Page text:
20. A) Let the log in the fireplace stop burning - The log burned at Christmas time was called the "Yule Log". Sometimes a piece of the Yule Log would be kept to kindle the fire next winter, to ensure that the good luck carried on from year to year. The Yule Log custom was handed down from the Druids.
21. D) The flesh was painted with saffron and egg yolks - In addition to their painted flesh, endored birds were served wrapped in their own skin and feathers, which had been removed and set aside prior to roasting.
22. A) Good luck - One Christmas morning, a poor woman, who could not afford decorations, found that spiders had trimmed her children's tree with their webs. When the morning sun shone on them, the webs turned to silver. An artificial spider and web are often included in the decorations on Ukrainian Christmas trees.
23. D) A deed to a manor in Glastonbury - The Abbot of Glastonbury, seeking favor with the king, sent Jack Horner to the palace with the gift of a pie in which had been placed twelve deeds to manor houses. When the King received the pie, there were only eleven deeds - the deed to the Manor of Mells was missing. The Horner family lives in the Manor of Mells to this day, but they have always denied that the rhyme refers to them.
24. D) Limit by law the number of cards a person could send - Even though commercial cards were not available at that time, people were already sending so many home-made cards that sixteen extra postmen had to be hired in the city. The proposed law was never passed, however, which in turn made possible Werner Erhard's entry into the Guinness Book of Records in 1975 for sending the most Christmas cards: 62,824 in a single year. More than three billion Christmas cards are sent annually in the United States. An average household in America will mail out 28 Christmas cards each year and see 28 eight cards return in their place.
25. C) Displaying a wreath on the front door of one's house - Romans wished each other "good health" by exchanging branches of evergreens. They called these gifts strenae after Strenia, the goddess of health. It became the custom to bend these into a ring and display them on doorways.
26. D) Promote a department store - The story was written by Robert L. May, the advertising editor of the Montgomery Ward department store chain. His four-year-old daughter picked the name Rudolph. May's brother-in-law, Johnny Marks, later turned it into the now-familiar song, which was popularized by singer Gene Autry in 1949.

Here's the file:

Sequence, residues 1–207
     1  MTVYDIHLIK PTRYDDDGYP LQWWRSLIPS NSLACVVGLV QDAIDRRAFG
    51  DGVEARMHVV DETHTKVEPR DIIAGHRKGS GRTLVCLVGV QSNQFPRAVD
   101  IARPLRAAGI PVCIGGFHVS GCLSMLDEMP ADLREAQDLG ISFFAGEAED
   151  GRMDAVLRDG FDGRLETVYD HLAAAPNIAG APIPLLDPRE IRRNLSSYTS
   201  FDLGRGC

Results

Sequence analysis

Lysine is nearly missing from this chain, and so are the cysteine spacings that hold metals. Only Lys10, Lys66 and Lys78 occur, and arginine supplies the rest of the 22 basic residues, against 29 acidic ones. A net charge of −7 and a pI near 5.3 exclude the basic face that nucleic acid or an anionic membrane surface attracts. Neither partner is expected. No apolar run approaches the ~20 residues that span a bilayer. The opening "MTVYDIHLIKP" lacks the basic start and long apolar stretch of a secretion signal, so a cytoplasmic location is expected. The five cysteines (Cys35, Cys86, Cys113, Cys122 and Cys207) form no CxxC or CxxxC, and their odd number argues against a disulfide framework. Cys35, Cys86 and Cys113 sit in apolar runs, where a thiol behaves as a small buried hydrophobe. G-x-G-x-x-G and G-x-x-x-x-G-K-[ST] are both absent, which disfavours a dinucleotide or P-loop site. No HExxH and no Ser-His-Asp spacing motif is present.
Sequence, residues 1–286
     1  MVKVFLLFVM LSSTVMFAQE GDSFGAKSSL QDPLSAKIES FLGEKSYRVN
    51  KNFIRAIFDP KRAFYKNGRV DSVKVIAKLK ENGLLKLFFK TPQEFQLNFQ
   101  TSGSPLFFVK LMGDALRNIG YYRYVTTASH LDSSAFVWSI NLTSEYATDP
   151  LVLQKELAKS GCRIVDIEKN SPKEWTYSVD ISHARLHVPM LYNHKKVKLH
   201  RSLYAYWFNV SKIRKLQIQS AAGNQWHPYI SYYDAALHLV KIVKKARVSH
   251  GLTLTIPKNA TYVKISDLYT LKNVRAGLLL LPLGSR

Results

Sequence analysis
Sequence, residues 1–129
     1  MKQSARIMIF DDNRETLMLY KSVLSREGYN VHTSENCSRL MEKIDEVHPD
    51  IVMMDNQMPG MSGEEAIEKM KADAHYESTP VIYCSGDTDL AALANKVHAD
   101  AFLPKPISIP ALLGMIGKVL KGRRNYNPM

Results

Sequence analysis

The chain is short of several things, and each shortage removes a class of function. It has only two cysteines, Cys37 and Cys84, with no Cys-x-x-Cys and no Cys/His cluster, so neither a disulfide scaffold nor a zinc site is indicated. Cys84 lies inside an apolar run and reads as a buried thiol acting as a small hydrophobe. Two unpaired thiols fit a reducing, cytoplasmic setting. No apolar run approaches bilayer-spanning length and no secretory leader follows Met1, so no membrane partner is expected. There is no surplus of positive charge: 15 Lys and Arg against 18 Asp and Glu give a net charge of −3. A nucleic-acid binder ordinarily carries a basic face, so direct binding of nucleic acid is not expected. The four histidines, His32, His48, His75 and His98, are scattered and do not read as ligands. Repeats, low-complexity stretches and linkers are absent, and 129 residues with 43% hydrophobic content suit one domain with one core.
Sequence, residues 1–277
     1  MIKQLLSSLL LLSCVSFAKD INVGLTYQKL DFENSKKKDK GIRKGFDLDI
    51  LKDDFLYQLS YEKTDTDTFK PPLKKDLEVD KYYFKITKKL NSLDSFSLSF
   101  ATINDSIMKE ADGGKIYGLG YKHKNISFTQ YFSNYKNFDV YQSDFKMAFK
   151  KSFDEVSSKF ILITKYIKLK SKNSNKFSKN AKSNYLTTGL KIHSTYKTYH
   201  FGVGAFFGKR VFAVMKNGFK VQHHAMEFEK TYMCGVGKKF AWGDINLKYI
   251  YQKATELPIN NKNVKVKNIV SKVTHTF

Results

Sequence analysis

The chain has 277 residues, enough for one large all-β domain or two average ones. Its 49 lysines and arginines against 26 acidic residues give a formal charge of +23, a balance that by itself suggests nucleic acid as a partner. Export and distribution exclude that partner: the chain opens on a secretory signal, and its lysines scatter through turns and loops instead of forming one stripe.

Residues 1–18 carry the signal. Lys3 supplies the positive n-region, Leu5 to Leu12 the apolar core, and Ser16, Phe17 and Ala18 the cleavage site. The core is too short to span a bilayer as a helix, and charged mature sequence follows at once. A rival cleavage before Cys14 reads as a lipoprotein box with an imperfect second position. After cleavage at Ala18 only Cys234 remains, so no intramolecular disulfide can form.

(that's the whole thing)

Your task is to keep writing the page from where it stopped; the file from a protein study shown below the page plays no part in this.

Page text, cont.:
27. B) Was held in Peoria IL in 1887 – It is the oldest continually running parade in the nation. 1887 marked the first year of the parade, which consisted of boats and derricks coming down the river as part of construction of the new bridge. In 1888, Peoria held a parade through town, celebrating the completion of the new Upper Free Bridge. The following December, Schipper and Block Department Store sponsored a parade that followed the same route and featured Santa Claus.
28. C) $15,210.00 - According to the annual Christmas Price Index calculated by PNC Bank Corp., the 2000 cost of buying each gift would be $15,210.00, up 1.8 percent from 1999. (SOURCE: PNC Bank, 2000 Christmas Price Index)
29. Little Larry, Puny Pete, and Small Sam were all tried out when Charles Dickens was deciding on names for the characters in "A Christmas Carol.
30. Yes and no. The religious founders of the American nation, the Puritans, did not celebrate Christmas. Of course, the Puritans didn't "celebrate" much of anything, but they were particularly firm about Christmas. The Puritans once fined anyone caught observing Christmas in Massachusetts. The Puritans forbade the singing of Christmas carols. In Connecticut, even baking a mincemeat pie was forbidden! (By the way ... Did you know that the United States Congress did not declare Christmas a federal holiday until June 26, 1870?)
31. A) “Bah Christmas” - After "A Christmas Carol," Charles Dickens wrote several other Christmas stories, one each year, but none was as successful as the original.
32. D) The Friday and Saturday before Christmas are the two busiest shopping days of the year. During the Christmas buying season. Friday after Thanksgiving is the fifth to tenth busiest day. Speaking of shopping, Visa cards alone are used an average of 5,340 times every minute in the United States.
33. D) Poinsettia - Native to Mexico, poinsettias were named after America's first ambassador to Mexico, Joel Poinsett. He brought the plants to America in 1828. The Mexicans in the eighteenth century thought the plants were symbolic of the Star of Bethlehem. Thus the Poinsettia became associated with the Christmas season. The actual flower of the poinsettia is small and yellow. But surrounding the flower are large, bright red leaves, often mistaken for petals. Click here to read The Legend of the Poinsettia.
34. D) Who knows? - The Bible gives no record of their means of travel.
35. D) None of the above - December 25 was selected late in the 4th century as the day to celebrate
36. C) One - Luke 2:10 - "... the angel said to them, 'Do not be afraid. I bring you good news of
great joy that will be for all the people.' "
the heavenly host appeared with the angel, praising God and saying..." (OK, OK if you picked C
we’ll give you a point.)
38. E) Who knows? - We aren’t told where Jesus was born, only that after His birth He
laid in a manger.
Luke 2:7 -
"and she gave birth to her
firstborn, a son. She wrapped him in cloths and placed him in a manger..."
39. C) A
40. B) Whenever babies usually cried - He was fully human as well as fully God.
41. E) None of the above -
kings are not mentioned in the Bible - only in songs.
43. ??? - The Bible doesn’t say how many – only that Magi came bringing gold, frankincense and
myrrh. Matt. 2 :1, 11 - "After Jesus was born in Bethlehem in Judea, during the time of King Herod, Magi from the east came to Jerusalem... they opened their treasures and presented him with gifts of gold and of incense and of myrrh..."
and they bowed down and worshiped him."